This is having dramatic consequences on the environment. For example, the Aral Sea, once the fourth largest lake in the world, was revealed to have completely dried up by NASA images in 2014 and is now known as the ‘Aralkum Desert’.
This environmental disaster has mainly been caused by intensive irrigation projects, many to feed cotton plantations. It is no coincidence that Uzbekistan, a major recipient of these irrigation projects, was the world’s biggest cotton exporter in 1988 and that cotton is still its main industry today. The majority of sustainable and ethical fashion brands avoid cotton completely that is produced in these regions.
India, the world’s second most populated country, is also experiencing major water scarcity problems due to the cotton industry. According to the Guardian, the water used to produce the country’s cotton exports in 2013 alone were enough to supply 85% of its population with 100 litres of water daily for 365 days.
3. Textile waste
3.1 POST-CONSUMER WASTE
Fashion trends and collections change by the minute, and fast fashion brands tempt shoppers into over-consuming mass-produced cheap garments.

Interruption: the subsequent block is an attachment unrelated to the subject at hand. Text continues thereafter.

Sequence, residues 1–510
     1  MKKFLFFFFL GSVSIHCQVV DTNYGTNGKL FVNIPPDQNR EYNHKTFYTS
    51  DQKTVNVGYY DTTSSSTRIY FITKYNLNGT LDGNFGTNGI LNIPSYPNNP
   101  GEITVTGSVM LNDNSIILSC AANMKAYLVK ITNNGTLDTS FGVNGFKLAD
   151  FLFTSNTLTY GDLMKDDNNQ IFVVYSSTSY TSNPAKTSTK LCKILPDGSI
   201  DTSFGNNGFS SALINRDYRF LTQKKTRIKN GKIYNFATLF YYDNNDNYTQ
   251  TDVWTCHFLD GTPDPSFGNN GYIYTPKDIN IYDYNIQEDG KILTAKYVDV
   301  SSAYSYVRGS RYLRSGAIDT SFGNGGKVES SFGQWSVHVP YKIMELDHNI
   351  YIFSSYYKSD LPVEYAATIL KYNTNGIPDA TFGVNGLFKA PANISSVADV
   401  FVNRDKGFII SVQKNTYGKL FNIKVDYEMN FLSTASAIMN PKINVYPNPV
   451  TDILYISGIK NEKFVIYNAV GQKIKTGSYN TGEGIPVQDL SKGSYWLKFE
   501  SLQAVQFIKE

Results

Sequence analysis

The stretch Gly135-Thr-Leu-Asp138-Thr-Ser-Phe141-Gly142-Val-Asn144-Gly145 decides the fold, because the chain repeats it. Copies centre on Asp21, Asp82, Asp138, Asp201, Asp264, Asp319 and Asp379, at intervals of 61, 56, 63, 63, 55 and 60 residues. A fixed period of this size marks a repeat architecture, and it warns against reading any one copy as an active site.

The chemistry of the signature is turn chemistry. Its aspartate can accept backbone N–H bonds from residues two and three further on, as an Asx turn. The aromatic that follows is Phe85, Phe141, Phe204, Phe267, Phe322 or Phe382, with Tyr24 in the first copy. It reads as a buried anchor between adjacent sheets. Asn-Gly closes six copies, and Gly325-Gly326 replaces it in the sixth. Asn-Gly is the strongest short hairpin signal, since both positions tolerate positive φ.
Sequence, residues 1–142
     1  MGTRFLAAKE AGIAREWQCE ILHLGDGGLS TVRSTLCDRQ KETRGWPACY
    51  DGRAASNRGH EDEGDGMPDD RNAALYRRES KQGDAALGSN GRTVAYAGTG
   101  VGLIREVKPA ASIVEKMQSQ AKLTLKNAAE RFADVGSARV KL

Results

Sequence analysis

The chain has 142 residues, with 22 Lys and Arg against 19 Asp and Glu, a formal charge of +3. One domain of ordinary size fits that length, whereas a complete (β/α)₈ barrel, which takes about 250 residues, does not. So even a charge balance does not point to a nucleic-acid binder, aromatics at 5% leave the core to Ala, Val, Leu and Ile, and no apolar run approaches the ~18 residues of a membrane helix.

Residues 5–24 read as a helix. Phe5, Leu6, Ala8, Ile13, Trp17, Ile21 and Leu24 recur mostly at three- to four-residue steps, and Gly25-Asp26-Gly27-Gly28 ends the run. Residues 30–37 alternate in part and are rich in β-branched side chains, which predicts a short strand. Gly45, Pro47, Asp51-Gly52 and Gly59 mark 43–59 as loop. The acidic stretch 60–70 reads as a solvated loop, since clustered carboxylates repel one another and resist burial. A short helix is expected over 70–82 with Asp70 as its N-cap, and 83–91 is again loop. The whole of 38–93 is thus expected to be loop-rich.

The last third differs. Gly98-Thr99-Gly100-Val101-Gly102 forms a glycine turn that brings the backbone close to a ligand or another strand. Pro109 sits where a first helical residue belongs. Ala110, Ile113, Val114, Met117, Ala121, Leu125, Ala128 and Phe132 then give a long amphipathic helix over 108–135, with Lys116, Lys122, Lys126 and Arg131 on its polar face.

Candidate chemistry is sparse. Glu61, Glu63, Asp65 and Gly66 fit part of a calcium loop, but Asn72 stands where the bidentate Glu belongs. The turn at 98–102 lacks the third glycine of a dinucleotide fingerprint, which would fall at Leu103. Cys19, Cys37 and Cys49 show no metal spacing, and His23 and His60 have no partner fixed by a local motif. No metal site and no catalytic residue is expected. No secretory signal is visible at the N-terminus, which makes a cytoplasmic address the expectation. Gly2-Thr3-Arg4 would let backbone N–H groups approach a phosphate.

Fast fashion’s linear model
Fast fashion works on a linear model whereby raw natural or often synthetic materials are taken from their sources, processed into cheap clothing, sold on to the end consumer and then simply thrown away when they’re no longer needed. With this linear model, a tonne of raw resources are needed and a tonne of rubbish is produced at the end. It is anything but sustainable.
Fashion’s circular model
A circular economy is where recycled materials are taken, processed with reusable materials and if required natural chemicals into clothing. When it comes to the end of its life the clothing is repaired, reused as something else or recycled (sustainably). There is no start or end point.
Less use of natural resources and less waste! Win win.
Sadly the linear model far outweighs the circular at the moment. A tonne of waste is produced often by clothing that’s not even been worn!
Whilst consumers think they’re doing good in donating their often hardly used and sometimes never used clothing to charity, the volume of clothing being thrown away simply can’t be consumed and in the US about 85% of clothing thrown away ends up in landfill or being burned.
Textiles have one of the most unsatisfactory recycling rates of any reusable material:
LABFRESH, a sustainable menswear fashion label, published a study analysing the 15 biggest textile polluters in the EU. The UK was ranked fourth, with an average Briton throwing away around 3.1kg of textile waste per year. An estimated 1.7 kg of that waste ends up in landfills. Our article on clothing waste in the UK has more info.